A pack of gray wolves, which are endangered in Washington, is about to be killed by the state's Department of Fish and Wildlife, the agency confirmed last week. One of just 19 packs in the entire state, the wolves will be tracked and shot because they killed about a dozen cattle this summer.
Under state law, if wolves kill four or more cattle in one year, the agency can take lethal action. Two of the pack's wolves were already shot on August 5 after a number of cattle were killed. The WDFW was hopeful that would scare the pack away from areas with humans, but a few weeks later the livestock attacks started again. Now, the pack's remaining nine wolves—including four cubs—are on the hit list.
"It's very frustrating and disappointing and saddening that we're at this point, but we reluctantly agreed that, in some instances, if wolf depredation of livestock continues, lethal removal is the tool of last resort," said Shawn Cantrell, a member of the state's wolf advisory group and the Northwest program director for Defenders of Wildlife, a conservation nonprofit. "So that's where we're at in this situation."
It may seem like an overreaction to eliminate 10 percent of the entire state's endangered wolf population—there are an estimated 90 wolves in Washington—in order to stop the killing of a handful of cows, especially when you consider the state is home to millions of cattle. And plenty of people are arguing against it: Cantrell told me he's fielding many "very heated phone calls," over the last few days, and groups like the tribal-led Protect the Wolves are speaking out against the cull.
"If you can build a social acceptance, it actually means that fewer wolves will be killed."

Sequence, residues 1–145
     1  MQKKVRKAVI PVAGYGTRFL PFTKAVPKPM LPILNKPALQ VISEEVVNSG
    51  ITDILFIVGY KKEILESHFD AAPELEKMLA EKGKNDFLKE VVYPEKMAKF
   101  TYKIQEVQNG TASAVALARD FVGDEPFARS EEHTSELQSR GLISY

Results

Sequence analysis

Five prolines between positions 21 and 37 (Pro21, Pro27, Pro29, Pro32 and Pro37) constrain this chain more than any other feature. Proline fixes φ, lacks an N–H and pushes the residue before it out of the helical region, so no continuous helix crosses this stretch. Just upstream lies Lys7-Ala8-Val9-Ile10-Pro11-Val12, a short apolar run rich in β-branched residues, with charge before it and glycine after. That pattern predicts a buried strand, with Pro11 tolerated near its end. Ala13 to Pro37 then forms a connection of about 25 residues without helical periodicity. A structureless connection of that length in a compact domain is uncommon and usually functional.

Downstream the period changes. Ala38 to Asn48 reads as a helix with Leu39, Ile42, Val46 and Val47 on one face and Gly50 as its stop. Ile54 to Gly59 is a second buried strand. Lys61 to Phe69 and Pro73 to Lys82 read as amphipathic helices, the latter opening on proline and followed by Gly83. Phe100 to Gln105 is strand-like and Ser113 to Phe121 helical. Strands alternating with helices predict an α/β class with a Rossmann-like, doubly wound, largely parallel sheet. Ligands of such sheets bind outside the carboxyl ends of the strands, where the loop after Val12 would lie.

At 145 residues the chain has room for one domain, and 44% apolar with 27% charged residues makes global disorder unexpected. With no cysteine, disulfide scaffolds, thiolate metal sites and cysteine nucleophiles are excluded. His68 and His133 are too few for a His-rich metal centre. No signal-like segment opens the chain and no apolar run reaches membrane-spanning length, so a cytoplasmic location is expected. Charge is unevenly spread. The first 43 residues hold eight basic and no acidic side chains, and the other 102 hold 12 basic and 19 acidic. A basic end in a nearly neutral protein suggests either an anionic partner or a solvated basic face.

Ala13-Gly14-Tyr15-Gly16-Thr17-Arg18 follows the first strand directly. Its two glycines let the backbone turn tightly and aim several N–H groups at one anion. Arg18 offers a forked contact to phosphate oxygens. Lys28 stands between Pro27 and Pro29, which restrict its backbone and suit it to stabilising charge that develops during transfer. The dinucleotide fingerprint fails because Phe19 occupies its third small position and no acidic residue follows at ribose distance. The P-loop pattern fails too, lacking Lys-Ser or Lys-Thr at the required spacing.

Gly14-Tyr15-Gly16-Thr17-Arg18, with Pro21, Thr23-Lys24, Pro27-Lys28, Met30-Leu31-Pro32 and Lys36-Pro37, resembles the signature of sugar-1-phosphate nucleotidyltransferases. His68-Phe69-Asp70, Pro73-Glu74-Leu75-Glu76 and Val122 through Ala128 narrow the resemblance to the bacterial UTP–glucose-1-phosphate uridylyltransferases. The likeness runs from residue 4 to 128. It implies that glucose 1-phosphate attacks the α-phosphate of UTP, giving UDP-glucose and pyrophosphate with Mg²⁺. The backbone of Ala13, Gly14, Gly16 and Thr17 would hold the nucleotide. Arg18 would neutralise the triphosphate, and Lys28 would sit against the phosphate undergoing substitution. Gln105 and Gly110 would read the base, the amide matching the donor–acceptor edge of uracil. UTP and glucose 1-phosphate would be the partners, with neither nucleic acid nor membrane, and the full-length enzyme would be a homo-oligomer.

Eliminating this pack is also no guarantee that other livestock will be spared: a new pack could move into this territory and do the same thing. But as is so often the case when wildlife conservation starts to become an inconvenience for humans, this decision was more political than practical.
Cantrell told me he and other conservationists on the wolf advisory committee believe killing this one pack won't significantly hinder the ongoing species recovery efforts. But not responding to the livestock attacks could.
"If there's a sense in some of these rural communities that there's no recourse for the chronic, ongoing killing of their cows or sheep killed by wolves, then their willingness to do any kind of collaborative, positive work with the agency and to use nonlethal tools evaporates," Cantrell said.
Washington state has done a lot of work to try to recover the gray wolf species while also fostering public support, a difficult task in a state where about a third of the land is used for farming. In 2008, there was just one pack of five wolves in the state. Since then, the population has grown by an average of 36 percent every year. A big part of that recovery stems from working with ranchers to find nonlethal ways to keep the wolves at bay, such as guard dogs and starter pistols. Cantrell told me they're increasingly warming up to these ideas as public acceptance of the wolves grows.
"It isn't as uniform across all livestock operations as it can be and as we want to see it, but it is dramatically more accepted as a way of ranching than it was even two years ago," Cantrell said. "That's where I take heart. We can avoid many of these situations as we go forward."
That's why he thinks it's crucial to keep that public support growing, and ignoring lost livestock threatens that support,. If the public isn't on board with protecting a species, political support will dry up, and that's something the conservation team isn't willing to risk.
"If you can build a social acceptance, it actually means that fewer wolves will be killed and the recovery is more likely to go smoothly and quickly," Cantrell said. "While those individual wolves will be killed, it is a basis for preventing the unravelling of public support for recovery as a whole."